"There is a lot of evidence to suggest that the geometry drive isn't just a strange device we recovered in alien ruins. It is a device that has been specifically tailored to be easy to build and to use, even for a somewhat low-tech civilisation. An open-source faster than light device, if you will." -- quote attributed to Rani Spengler.
Fragments of a free-floating geometry drive.
Many a purist would argue that calling the geometry drive a faster-than-light device is somewhat misleading, as by definition the geometry drive doesn't allow a ship to travel faster than light. In truth, it doesn't allow a ship to travel at all. It is not an engine. It is a device that is capable of instantaneously translating an object from a location in three-dimensional space to virtually any other location, be it a centimetre or five thousand lightyears away. If the what of the geometry drive is well-understood, the how remains a complete mystery. Given that translations fully conserve momentum and ignore obstacles, it is assumed that geometry drives fold space in four dimensions to allow for teleportation with unlimited range. The actual process through which the drive folds space is completely unknown: it is only assumed that the drive is capable of performing this process by its mere existence, as it barely draws any power when installed aboard a ship. The accuracy of a drive is generally measured in hundreds of meters, which makes them inadequate for micro-jumps.
Punched paper cards containing basic translation data for a freighter drive*.
In very simple terms, a geometry drive presents itself under the shape of a cube or sphere, sometimes a cylinder with a size relative to the volume of the ship being displaced. Geometry drives are made of a crystalline compound harvested from pseudonigella stellaris flowers. They are stored in canisters which are to be installed as close as possible to the ship's centre of gravity - this is not a hard requirement but greatly facilitates navigation computation. Geometry drives are inert and transparent when not connected to a power source and start emitting a white-blue light when submitted to electrical current. Crewmembers commonly joke about geometry drives being the safest equipment aboard a spacecraft and they aren't wrong: the worst thing that may happen to a drive is to be shattered, in which case they immediately cease to operate. The fact that they only require a residual amount of power makes them the last element to fail in case of power loss.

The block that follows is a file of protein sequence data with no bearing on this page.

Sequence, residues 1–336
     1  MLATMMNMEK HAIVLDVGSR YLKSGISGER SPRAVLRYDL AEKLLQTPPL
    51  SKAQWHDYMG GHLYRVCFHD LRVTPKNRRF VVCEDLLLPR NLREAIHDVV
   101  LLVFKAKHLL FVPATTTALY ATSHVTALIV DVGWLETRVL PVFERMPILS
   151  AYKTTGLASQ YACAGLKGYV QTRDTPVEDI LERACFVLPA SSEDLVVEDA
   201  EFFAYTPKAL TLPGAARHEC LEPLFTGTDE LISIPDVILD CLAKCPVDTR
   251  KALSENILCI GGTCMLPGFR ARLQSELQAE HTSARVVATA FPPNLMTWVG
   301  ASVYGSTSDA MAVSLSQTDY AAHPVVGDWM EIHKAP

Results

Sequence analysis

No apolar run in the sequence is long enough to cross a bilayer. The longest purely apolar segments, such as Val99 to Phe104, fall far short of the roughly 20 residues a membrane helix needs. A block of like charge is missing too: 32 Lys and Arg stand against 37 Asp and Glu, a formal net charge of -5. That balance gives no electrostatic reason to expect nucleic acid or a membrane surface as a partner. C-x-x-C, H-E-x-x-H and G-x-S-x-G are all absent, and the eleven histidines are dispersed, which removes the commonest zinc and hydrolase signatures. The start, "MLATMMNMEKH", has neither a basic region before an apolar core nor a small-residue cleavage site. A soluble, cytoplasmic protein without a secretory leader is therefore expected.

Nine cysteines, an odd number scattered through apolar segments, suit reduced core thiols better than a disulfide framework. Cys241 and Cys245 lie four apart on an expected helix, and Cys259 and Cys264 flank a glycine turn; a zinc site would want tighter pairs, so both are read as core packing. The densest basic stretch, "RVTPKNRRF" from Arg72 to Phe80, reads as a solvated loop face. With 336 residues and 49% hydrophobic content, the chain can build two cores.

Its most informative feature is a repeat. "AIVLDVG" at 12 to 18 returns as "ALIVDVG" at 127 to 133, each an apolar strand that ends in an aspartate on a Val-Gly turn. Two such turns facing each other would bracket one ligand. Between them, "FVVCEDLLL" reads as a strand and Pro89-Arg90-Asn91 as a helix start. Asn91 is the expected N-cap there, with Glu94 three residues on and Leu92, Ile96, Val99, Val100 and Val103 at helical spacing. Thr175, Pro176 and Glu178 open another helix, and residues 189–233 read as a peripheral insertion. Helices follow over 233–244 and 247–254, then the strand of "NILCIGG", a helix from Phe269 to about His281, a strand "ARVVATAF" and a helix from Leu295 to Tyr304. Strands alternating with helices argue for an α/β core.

To perform a translation, a ship is first required to have a correctly sized, powered geometry drive. Then, the crew has to calculate a translation solution. This is where the main limitation of the drive comes into play. In theory, a geometry drive has limitless range, in practice, this range is limited by the computing power required to calculate the translation. In fact, the faster-than-light capacity of a ship is often defined by its mass-to-computing-power ratio: the higher it is, the faster the ship can compute a translation. Most smaller ships rely on external navigation stations for their computations. The lack of a universal reference frame in space means that all translations have to be calculated separately, even for similar journeys. Upon exiting translation, ships conserve their momentum, which can be a problem for ships with limited delta-v.
The geometry drive is alien in origin, its design was directly taken from those found on the Needle, an alien which bore a series of plates carrying schematics in a strangely understandable form that were reverse-engineered by Rani Spengler's team. Though clearly the work of a more advanced civilization, it proved strangely simple to recreate and transpose into human ship, to the point some have wondered if its modular nature isn't intentional: like a gift, sent through the void to civilisations reaching for the stars.
*Credit: Marcin Wichary.
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